The EU Commission must take a proportionate and rational approach to ‘greening’ of the CAP; NFU Scotland’s combinable crops committee has insisted.

Arable farmers in Scotland are concerned that proposed measures to enhance the environmental role of the CAP’s Pillar I could, in fact, have the opposite effect.

The EU Commission’s Communication: the CAP towards 2020, published in November 2010 and due to be voted on in a EU Parliament committee today (Wednesday, 25 May), advocates that additional payments for agri-environment activities be incorporated into Pillar I, which provides direct support payments to EU farmers.

Scottish farmers are keen to point out, however, that the vast majority of activities to which the EU Commission refers in its Communication, are already being delivered on Scottish farms and that by being required to prove their environmental credentials on a separate basis, they could be unfairly penalised. The EU Commission must therefore seek to introduce proposals that take into account Scotland’s unique terrain, climate, production systems and good environmental record.

NFU Scotland’s Combinable Crops Committee Chairman, Andrew Moir said:

“Farmers in Scotland have a very good story to tell in terms of green production and the EU Commission must take into account the fact that some of their proposals, if adopted on an EU-wide basis, could in fact be detrimental to Scottish farming.

“For example, the measure which would require farmers to grow multiple crops each year simply would not work in Scotland; it does not take into account the ability of farms to produce a variety of crops, nor the market that exists for them. Scotland’s climate and farming systems are not conducive to maize monoculture, which is the target of this measure, and each Scottish farm will have a well-established rotation, which suits the capability of their land and the local market place.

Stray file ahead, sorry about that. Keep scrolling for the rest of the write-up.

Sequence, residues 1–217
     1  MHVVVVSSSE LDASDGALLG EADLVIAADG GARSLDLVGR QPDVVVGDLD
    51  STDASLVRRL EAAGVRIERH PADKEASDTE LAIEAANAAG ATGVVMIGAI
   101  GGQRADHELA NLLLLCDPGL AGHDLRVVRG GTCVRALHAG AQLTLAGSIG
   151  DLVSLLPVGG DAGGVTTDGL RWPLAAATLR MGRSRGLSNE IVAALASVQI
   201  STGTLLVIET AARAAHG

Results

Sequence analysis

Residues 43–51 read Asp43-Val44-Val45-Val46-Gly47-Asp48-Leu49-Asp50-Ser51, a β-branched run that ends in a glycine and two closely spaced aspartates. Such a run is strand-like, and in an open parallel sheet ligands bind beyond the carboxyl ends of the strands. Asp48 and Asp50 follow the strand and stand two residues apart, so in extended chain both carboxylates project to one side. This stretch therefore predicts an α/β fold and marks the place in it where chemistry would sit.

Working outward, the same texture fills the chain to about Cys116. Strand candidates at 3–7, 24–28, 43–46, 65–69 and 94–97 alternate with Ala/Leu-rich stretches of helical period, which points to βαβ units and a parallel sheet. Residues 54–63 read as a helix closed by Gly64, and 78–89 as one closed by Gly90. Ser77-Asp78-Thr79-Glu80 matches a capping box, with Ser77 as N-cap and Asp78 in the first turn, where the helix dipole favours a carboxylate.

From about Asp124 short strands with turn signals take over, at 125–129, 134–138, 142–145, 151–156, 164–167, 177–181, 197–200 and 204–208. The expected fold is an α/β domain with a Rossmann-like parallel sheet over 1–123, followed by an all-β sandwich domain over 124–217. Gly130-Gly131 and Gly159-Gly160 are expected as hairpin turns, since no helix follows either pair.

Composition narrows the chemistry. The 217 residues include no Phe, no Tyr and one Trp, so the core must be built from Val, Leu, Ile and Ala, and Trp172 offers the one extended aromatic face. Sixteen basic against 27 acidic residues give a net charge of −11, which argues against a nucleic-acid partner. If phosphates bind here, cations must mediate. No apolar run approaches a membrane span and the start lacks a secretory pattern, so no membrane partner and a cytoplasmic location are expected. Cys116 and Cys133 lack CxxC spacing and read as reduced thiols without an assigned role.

“We don’t have sugar beet processors or oilseed crushers but what we do have is a huge and important distilling industry, which needs our products - high quality malting barley and distilling wheat. And we have livestock that need feed and straw in the wintertime. With input costs for livestock producers already rising exponentially, it would be unacceptable to adopt set-aside measures that would curtail Scottish production of animal feed. As global population growth is also ballooning it is morally questionable to restrict our capacity to produce food as well.

"Crop diversity and biodiversity features must be defined to fit Scottish conditions and the EU Commission must design these measures so that they are user friendly.

“Pillar II is an ideal basis for delivering on environmental measures which should also be seen as greening features. Decision-makers must take on board the fact that these green features are already an outcome of Scottish farming

“The EU farm unions’ umbrella organisation, COPA, is at pains to emphasise the fact that it is unfair to introduce further costly requirements on EU producers while non-EU imports do not have to adhere to these standards.

“The CAP should enable farms to grow environmentally and economically, improving competitiveness and the effectiveness of the food supply chain, including relationships with retailers. In 2010 the world consumed more wheat than it produced and its population is expected to increase.

“We fully support sustainable farming and a green CAP, but the measures that are put in place to bring this about must make sense. Crop diversity and biodiversity features must be defined so that they fit Scottish conditions and the Commission must make all efforts to ensure that happens.”



Date Published:

News Article No.: 90/11

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